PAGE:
wrapped with a metal heatsink that might be something completely different. The
heatsink is glued and folded onto them and will need to be replaced after taking
To test the transistors I used a little “transistor tester” I bought from china as a kit some time ago.
Apart from the pretty hilarious google translation, it’s kind of handy even though I’m sure it’s not the most accurate thing in the world. But it should give me a baseline to tell if a component is broken.
I desoldered all transistors and put them in a sorting box with neatly organized labels.
After that I put them all one by one in the tester and wrote down the measured values for the ones that got detected. I also peeled away the metal heatsinks and - like expected - broke all of them off. Anyway, it seems about one of each kind is broken (damn you, right stereo channel!), so I might buy more of each and replace them all.
Enought talk about transistors, we want numbers! Well, here you go:
|Q301||NPN||429||679||Tx C1000 6I|
|Q302||NPN||509||664||Tx C1000 6H|
|Q303||NPN||558||664||Tx C1000 6I|
|Q304||NPN||430||674||Tx C1000 6H|
From the above transitors
Q315 are broken and will
have to be replaced. I will try to replace them all and get a new heatsink for
the ones the had it aswell.
Testing the diodes
If you compare electricity running through a wire as a hose with water running throught it, diodes could be thought of as a one-way valve: Electrons (current) can flow in one direction, but not in the other. More specificly, current will flow in a working diode from the anode to the cathode - but not the other way around. Symptons of a broken diode are that it does… well, something else.
Most multimeters have a “Diode Mode”, so testing is pretty easy. On thing to note is that you will need to unsolder at least one terminal from the pcb to test them, otherwise the other components might interfere.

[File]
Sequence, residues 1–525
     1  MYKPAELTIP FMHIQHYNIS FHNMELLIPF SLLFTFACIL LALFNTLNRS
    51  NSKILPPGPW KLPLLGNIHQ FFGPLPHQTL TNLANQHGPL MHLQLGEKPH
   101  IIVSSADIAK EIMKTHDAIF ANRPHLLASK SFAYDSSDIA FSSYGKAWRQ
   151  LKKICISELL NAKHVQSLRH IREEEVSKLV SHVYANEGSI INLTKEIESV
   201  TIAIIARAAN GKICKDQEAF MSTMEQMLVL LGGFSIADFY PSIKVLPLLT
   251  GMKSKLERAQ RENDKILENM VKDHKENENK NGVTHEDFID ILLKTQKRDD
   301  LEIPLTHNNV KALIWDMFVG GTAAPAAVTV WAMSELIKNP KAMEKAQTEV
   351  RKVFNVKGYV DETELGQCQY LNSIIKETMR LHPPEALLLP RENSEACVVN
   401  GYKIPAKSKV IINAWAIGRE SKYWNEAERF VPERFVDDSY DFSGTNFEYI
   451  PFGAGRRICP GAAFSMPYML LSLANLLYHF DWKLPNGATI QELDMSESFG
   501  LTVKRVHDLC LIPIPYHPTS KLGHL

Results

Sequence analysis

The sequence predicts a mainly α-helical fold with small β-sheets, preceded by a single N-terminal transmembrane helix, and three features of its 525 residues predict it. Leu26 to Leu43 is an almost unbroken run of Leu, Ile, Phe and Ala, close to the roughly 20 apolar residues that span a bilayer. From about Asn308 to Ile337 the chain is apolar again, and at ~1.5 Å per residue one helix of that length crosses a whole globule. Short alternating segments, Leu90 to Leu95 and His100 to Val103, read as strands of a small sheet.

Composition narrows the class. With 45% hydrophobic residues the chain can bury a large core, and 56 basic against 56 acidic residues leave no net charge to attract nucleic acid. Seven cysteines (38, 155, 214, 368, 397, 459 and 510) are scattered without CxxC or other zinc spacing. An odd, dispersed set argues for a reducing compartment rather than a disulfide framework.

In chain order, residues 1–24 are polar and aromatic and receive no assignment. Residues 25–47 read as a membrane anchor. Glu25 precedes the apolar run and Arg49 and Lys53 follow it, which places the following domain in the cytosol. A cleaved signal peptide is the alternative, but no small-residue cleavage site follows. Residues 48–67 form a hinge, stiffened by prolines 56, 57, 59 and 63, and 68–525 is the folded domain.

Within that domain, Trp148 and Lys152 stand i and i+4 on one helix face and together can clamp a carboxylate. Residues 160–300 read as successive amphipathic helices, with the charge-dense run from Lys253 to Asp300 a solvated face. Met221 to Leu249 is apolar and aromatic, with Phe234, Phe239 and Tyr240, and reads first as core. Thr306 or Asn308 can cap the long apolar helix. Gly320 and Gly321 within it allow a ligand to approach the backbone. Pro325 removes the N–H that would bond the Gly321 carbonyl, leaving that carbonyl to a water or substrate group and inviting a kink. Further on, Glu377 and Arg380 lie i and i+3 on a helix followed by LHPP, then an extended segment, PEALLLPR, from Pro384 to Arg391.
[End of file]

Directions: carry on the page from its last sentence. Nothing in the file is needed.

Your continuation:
I unsoldered one leg of each diode and tested them all in both directions. Here are the results:
|Diodes||Anode to cathode||Cathode to anode|
A reading of 0.6 and OL (overload) for a diode is pretty much spot on. Three things to notice here:
D307is broken as it doesn’t conduct in any direction any more.
- The values of
D306are exactly double the value of the other ones. This is to be expected, as the pcb has actually two diodes soldered in series in these two spots for whavever reason.
- All (working) diodes have the same values. Knowing this and seeing they all look the same from the outside, I’m pretty sure they are all the same model and can be changed between each other. One replacement type should fit all.
The clever internet tells me usual valus for silicon diodes are about 0.5V to 0.8V, so I guess these should be silicon diodes. Looking at pictures of silicon diodes further indicates they are.
As an interim summary, what can be noted is that some of the transistors (main and other) are broken, as are some of the diodes. In a next step I’ll have to figure out what I can replace them with, since the original parts will probably be not in production anymore.
I will replace all transistors, diodes and caps on this board since I expect that the unit price will be a few cents and the hardest part is to find out what I can use.
The innocent looking tables of results above took me quite a lot of hours to compile, but I feel the organisation of work is much easier now and it will pay out in the long run. All numbers are compiled in a glorious spreadsheet in case you want to see more details.
I have also taken a lot of pictures of all components from multiple sides. With more and more parts desoldered from the board I get a little paranoid, that I might not know how to put it back together later on. They will not all make it into this blog, let me know if you want a link to the complete album for some reason or any other information.
Also, part 3 is on the way, I’m too stubborn to stop now.